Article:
DEARBORN, MI — Visteon Chairman and CEO Peter Pestillo today extended condolences to the family of Robert Teeter, a member of the company’s board of directors who died Sunday after an illness at age 65. AdvertisementClick Here to Read MoreAdvertisement Teeter had been a director of Visteon since the company became independent in June 2000, and was re-elected to the board on May 12. He was president of Coldwater Corp., an Ann Arbor, Mich.-based provider of consulting and research services. Prior to Coldwater Corp., Teeter held several senior management positions including president of Market Opinion Research from 1966 to 1987. During that time he coordinated public opinion polls for several Republican presidents and political candidates. At the time of his death, Teeter also served on the boards of the Bank of Ann Arbor, Kaydon Corp. and United Parcel Service, Inc. “We are deeply saddened by the loss of Bob Teeter, whose leadership, foresight and strategic counsel have been hugely important to Visteon,” Pestillo said. “On behalf of Visteon’s 72,000 employees around the world, I offer my condolences to his wife Betsy and their family. Our thoughts and prayers are with them.” _______________________________________ Click here to view the rest of today’s headlines.,Lubrication Specialties Inc. (LSI), manufacturer of Hot Shot’s Secret brand of performance additives and oils, recently announced the expansion of senior leadership. Steve deMoulpied joins LSI as the company’s chief operating officer (COO). AdvertisementClick Here to Read MoreAdvertisement DeMoulpied comes to LSI from the Private Client Services practice of Ernst & Young where he managed strategy & operations improvement engagements for privately held client businesses. Some of his prior roles include VP of strategic development, director of strategic initiatives, and Lean Six Sigma Master Black Belt at OptumHealth, UnitedHealth Group’s health services business, as well as Lean Six Sigma Black Belt at General Electric, where he applied operations improvement principles to customer service, supply chain and product development. A successful entrepreneur, deMoulpied is also the founder of PrestoFresh, a Cleveland-based e-commerce food/grocery business. LSI President Brett Tennar says, “Steve’s success in developing operational strategies that improves the bottom line, builds teamwork, reduces waste and ensures quality product development and distribution checks many of the boxes of what we were looking for in a COO. This, coupled with his career in the Air Force working with highly technical systems and his in-depth understanding of Lean Six Sigma and Business Process Management sealed our offer. As our tagline states, our products are Powered by Science. This data driven approach is one reason why our company has grown exponentially as we employ the most advanced technology to product development. I am confident that Steve is the right person to drive operational strategy for our diverse and growing brands.” Advertisement DeMoulpied has a Bachelor of Science degree in Engineering Management from the United States Air Force Academy and a Master of Business Administration degree from the University of Dayton in Marketing and International Business. He served six years with the USAF overseeing the development of technology used on fighter aircraft and the E-3 Surveillance aircraft, finishing his career honorably as Captain. With more than 20 years of experience across multiple industries and functional areas, deMoulpied has particular expertise in organizations with complex technical products. Combined, his prior positions have required a spectrum of skills in corporate strategy, operations improvement, product quality, and revenue cycle management. He has an impressive history of utilizing data driven problem solving (Lean Six Sigma) and project management (PMP and CSM) to achieve strategic goals surrounding customer satisfaction, operational efficiency and improved profit.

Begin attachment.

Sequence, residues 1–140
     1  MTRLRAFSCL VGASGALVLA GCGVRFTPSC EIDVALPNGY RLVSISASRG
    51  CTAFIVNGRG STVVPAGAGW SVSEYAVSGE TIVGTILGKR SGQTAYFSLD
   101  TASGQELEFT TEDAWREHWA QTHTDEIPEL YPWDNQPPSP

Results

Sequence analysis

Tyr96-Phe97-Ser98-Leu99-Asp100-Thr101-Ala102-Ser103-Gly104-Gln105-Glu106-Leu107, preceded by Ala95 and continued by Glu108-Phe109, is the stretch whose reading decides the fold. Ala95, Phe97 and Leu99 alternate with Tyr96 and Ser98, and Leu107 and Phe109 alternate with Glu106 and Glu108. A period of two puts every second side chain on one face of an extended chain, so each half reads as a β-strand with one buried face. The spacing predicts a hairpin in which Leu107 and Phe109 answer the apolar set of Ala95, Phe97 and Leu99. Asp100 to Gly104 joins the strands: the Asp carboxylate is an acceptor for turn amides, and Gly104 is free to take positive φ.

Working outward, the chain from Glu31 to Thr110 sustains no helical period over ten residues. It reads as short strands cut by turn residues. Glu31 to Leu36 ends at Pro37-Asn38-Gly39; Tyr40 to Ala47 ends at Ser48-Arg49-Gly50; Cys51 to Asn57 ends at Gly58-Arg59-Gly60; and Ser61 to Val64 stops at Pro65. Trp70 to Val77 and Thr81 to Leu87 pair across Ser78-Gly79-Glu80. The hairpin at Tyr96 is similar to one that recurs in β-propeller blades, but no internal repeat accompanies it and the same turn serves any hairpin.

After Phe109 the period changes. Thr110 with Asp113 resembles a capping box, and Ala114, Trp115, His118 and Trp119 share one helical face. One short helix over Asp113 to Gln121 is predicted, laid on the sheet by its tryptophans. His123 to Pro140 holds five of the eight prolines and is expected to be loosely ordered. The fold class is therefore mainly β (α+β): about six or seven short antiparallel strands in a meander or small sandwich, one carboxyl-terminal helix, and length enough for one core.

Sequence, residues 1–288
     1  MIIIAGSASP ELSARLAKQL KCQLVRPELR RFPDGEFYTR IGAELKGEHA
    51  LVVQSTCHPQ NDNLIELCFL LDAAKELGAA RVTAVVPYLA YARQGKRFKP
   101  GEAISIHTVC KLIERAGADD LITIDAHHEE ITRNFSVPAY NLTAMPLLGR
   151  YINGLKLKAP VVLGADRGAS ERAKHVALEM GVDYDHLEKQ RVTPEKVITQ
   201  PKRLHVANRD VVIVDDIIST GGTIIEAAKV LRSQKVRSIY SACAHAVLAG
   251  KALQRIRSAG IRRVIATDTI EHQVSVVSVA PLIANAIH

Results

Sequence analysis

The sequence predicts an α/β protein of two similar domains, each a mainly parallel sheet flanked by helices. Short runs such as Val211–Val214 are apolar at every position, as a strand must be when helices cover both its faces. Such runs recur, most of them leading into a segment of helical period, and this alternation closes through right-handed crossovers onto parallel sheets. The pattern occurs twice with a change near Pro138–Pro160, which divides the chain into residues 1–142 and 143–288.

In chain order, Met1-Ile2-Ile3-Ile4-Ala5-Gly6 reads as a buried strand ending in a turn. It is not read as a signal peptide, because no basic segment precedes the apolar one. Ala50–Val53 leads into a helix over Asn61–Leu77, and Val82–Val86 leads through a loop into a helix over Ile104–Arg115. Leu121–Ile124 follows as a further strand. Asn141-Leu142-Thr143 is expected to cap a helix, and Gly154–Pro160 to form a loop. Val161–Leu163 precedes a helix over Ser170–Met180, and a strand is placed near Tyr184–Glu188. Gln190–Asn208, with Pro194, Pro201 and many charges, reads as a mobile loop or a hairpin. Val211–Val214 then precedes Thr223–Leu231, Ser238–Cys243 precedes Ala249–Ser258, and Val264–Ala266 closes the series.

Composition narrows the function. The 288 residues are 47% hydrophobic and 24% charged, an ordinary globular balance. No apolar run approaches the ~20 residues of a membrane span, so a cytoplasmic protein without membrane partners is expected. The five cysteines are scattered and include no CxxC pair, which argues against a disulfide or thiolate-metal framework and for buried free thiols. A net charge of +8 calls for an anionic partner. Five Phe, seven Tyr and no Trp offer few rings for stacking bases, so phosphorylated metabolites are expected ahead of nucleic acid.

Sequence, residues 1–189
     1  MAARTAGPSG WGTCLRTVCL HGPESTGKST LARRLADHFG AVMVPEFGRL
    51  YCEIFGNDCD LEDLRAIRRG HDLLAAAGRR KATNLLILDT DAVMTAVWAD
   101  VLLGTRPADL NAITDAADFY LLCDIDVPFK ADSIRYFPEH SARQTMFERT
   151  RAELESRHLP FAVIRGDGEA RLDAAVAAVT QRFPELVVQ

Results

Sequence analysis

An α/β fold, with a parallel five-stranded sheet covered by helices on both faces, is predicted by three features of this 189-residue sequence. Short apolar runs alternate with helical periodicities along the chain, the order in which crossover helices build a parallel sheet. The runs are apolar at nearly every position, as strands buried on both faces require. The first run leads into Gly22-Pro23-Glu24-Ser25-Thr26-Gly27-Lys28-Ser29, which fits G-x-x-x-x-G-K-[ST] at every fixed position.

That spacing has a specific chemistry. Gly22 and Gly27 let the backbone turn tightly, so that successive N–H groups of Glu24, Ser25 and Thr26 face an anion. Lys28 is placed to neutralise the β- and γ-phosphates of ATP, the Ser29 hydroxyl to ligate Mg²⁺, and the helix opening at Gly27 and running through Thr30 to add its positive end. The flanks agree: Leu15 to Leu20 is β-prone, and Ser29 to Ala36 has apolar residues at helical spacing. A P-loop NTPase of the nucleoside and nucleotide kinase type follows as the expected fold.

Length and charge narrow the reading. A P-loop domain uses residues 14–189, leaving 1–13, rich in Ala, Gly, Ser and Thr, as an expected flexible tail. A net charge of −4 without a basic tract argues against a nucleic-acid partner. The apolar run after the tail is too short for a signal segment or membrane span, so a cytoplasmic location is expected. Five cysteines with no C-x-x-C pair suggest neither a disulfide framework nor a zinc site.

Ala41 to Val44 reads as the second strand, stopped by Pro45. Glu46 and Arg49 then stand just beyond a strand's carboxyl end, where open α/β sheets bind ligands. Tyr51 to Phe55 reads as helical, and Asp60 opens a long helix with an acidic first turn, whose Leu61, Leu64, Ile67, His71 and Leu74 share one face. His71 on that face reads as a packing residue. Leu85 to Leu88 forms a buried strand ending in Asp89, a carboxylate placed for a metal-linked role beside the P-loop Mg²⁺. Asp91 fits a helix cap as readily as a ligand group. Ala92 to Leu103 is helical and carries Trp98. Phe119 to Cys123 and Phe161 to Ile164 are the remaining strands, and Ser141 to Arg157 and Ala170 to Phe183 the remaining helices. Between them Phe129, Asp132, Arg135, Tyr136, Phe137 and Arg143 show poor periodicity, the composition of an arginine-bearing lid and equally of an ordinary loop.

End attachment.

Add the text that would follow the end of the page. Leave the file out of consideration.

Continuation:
JASPER, Ind. — Jasper Engines & Transmissions has named Matt Weinzapfel vice president of engine manufacturing. AdvertisementClick Here to Read MoreAdvertisement Weinzapfel’s duties will be to oversee the remanufacturing processes of the Gas Engine and Diesel Engine Divisions, as well as the Jasper Authentic Custom Drivetrains Division. “Matt was selected based on his recent experience as Diesel Division manager, and his prior work as manager of JASPER’s Crawford County operations,” said Mike Schwenk, executive vice president of production. “I appreciate the opportunity to serve the JASPER family in this new role,” said Weinzapfel. “It’s an exciting time at JASPER, due to solid sales growth and our recent move to 100 percent associate ownership. I look forward to working with all JASPER associates on our journey of continuous improvement.” Weinzapfel began his career at JASPER in May of 1994 working in branch auditing and accounting for four years. After that, Weinzapfel spent five years as general manager of JASPER’s Crawford County operations. Weinzapfel later spent three years as general manager of Gas and Diesel Engine operations for the Jasper and Crawford facilities, two years as a member of the JASPER Production System and, most recently, was Diesel Division manager for the past three years. In conjunction with Weinzapfel’s new appointment Ryan Dooley has been named Diesel Division manager. Dooley will oversee the day-to-day duties within the Diesel Division. Dooley began his JASPER career in July 1997, when he was assigned to the Gas Engine Failure Analysis Department. After that, Ryan spent 11 years in Customer Service, including two years as department manager. Since August of 2008, Ryan’s recent position has been manager of the Diesel Fuel Room, where he established JASPER’s Fuel Components Program in February of 2010.